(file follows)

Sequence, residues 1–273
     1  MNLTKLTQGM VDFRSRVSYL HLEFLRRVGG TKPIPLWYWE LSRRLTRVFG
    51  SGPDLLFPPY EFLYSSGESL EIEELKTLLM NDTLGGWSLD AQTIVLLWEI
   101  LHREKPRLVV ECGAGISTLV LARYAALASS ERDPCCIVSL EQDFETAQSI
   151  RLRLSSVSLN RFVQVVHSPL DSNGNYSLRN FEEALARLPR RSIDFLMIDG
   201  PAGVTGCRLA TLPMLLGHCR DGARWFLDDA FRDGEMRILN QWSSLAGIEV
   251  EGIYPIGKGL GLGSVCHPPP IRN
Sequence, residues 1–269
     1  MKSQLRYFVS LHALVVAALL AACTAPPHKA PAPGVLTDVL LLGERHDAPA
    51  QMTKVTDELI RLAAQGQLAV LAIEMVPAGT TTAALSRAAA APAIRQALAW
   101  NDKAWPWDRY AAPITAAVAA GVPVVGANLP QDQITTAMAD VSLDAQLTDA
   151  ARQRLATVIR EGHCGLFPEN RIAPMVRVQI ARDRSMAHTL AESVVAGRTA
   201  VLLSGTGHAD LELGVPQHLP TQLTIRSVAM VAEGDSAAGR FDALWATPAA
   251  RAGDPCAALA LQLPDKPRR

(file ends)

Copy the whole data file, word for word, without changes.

Sequence, residues 1–273
     1  MNLTKLTQGM VDFRSRVSYL HLEFLRRVGG TKPIPLWYWE LSRRLTRVFG
    51  SGPDLLFPPY EFLYSSGESL EIEELKTLLM NDTLGGWSLD AQTIVLLWEI
   101  LHREKPRLVV ECGAGISTLV LARYAALASS ERDPCCIVSL EQDFETAQSI
   151  RLRLSSVSLN RFVQVVHSPL DSNGNYSLRN FEEALARLPR RSIDFLMIDG
   201  PAGVTGCRLA TLPMLLGHCR DGARWFLDDA FRDGEMRILN QWSSLAGIEV
   251  EGIYPIGKGL GLGSVCHPPP IRN
Sequence, residues 1–269
     1  MKSQLRYFVS LHALVVAALL AACTAPPHKA PAPGVLTDVL LLGERHDAPA
    51  QMTKVTDELI RLAAQGQLAV LAIEMVPAGT TTAALSRAAA APAIRQALAW
   101  NDKAWPWDRY AAPITAAVAA GVPVVGANLP QDQITTAMAD VSLDAQLTDA
   151  ARQRLATVIR EGHCGLFPEN RIAPMVRVQI ARDRSMAHTL AESVVAGRTA
   201  VLLSGTGHAD LELGVPQHLP TQLTIRSVAM VAEGDSAAGR FDALWATPAA
   251  RAGDPCAALA LQLPDKPRR